Two varieties of melons (Cucumis melo) were treated with two fungicides (carbendazim and maneb) and four insecticides (acetamiprid, cyromazin, imazalil and thiamethoxam) to quantify the effect of household processing on the pesticide residues. To ensure sufficiently high levels of residues in flesh and peel, the most concentrated formulations were applied observing good agricultural practice. The peeling step decreased the concentration of pesticide residues for maneb, imazalil and acetamiprid by more than 90%. Cyromazin, carbendazim and thiamethoxam were reduced by approximately 50%. The reduction of the pesticides could not be fully explained by the systemic character of the pesticides. However, the agricultural practices (time of application), solubility and mode of action (systemic versus contact pesticide) of the pesticides could be used to explain the difference in processing factors for the studied pesticides. Degradation products (melamine and ethylenethiourea) were also investigated in this study, but were not detected. PMID:22489844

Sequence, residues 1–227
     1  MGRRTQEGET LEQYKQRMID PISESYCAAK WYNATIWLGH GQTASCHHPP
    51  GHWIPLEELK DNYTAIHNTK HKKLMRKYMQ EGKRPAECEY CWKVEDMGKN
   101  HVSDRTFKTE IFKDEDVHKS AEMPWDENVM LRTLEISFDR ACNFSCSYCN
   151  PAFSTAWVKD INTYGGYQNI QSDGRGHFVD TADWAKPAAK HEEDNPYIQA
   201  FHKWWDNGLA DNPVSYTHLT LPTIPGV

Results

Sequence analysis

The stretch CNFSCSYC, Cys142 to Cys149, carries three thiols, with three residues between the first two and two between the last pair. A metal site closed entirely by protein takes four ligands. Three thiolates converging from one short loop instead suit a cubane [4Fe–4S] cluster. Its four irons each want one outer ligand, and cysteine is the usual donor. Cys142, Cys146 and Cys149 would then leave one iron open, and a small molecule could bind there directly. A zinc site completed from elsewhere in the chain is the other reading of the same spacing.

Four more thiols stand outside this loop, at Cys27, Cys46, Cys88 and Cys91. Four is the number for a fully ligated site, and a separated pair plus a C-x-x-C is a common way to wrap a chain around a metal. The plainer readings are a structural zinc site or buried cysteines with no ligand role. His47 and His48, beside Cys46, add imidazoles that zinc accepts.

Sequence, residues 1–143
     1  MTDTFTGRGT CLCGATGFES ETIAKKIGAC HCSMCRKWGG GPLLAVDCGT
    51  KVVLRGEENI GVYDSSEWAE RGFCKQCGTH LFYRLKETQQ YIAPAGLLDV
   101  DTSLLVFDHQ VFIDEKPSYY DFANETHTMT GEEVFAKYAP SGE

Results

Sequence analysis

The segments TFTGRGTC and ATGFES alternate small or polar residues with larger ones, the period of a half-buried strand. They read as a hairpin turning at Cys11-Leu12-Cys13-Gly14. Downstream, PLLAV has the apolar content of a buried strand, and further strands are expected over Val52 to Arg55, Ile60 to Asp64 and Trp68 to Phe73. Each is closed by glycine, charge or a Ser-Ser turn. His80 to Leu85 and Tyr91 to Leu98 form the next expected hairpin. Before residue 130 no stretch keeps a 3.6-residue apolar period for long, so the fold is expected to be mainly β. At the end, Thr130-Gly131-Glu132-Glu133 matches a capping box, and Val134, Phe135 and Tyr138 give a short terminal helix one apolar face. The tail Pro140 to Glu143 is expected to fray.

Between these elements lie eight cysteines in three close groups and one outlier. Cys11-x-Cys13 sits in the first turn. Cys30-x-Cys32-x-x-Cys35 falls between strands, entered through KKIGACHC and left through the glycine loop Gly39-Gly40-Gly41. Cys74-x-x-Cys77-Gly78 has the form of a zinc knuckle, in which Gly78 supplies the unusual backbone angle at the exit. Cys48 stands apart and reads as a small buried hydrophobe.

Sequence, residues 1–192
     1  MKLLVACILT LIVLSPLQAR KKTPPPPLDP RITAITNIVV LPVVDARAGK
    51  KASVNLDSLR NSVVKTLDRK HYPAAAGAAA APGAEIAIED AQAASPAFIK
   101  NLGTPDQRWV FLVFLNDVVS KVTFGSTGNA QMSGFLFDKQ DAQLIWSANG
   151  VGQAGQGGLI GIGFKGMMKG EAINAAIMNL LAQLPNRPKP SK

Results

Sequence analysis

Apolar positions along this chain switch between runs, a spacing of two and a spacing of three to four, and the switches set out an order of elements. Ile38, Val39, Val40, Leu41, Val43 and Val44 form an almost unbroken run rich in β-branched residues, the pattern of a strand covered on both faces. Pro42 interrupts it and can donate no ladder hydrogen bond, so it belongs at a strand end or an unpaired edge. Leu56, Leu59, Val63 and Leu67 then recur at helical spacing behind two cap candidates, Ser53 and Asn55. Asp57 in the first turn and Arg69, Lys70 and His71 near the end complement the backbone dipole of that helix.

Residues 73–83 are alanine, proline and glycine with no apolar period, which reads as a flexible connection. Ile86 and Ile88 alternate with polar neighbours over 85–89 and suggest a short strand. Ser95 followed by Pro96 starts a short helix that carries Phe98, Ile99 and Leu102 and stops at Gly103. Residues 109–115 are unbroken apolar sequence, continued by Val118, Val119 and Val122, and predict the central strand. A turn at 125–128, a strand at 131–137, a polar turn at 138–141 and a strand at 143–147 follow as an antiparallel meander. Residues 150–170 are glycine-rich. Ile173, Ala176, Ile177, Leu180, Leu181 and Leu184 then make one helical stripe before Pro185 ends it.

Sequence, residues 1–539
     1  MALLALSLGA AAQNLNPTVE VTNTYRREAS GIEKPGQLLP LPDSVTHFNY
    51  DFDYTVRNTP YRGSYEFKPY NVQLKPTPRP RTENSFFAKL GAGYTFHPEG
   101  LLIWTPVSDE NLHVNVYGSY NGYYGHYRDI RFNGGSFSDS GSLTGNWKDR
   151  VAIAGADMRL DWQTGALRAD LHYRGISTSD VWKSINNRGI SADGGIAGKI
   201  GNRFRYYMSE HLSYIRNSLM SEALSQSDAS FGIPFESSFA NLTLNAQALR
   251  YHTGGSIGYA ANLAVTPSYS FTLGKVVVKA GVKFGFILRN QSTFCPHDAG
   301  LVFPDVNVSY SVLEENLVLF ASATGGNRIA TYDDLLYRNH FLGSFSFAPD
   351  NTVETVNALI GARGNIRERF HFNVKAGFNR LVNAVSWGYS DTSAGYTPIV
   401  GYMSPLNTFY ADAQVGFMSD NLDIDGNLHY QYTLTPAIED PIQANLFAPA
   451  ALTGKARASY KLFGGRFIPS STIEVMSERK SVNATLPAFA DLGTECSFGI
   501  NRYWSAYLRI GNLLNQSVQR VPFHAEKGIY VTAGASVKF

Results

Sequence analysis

Bonnechère, A; Hanot, V; Bragard, C; Bedoret, T; van Loco, J

2012-01-01

8

Occurrence of pesticides and some of their degradation products in waters in a Spanish wine region  

NASA Astrophysics Data System (ADS)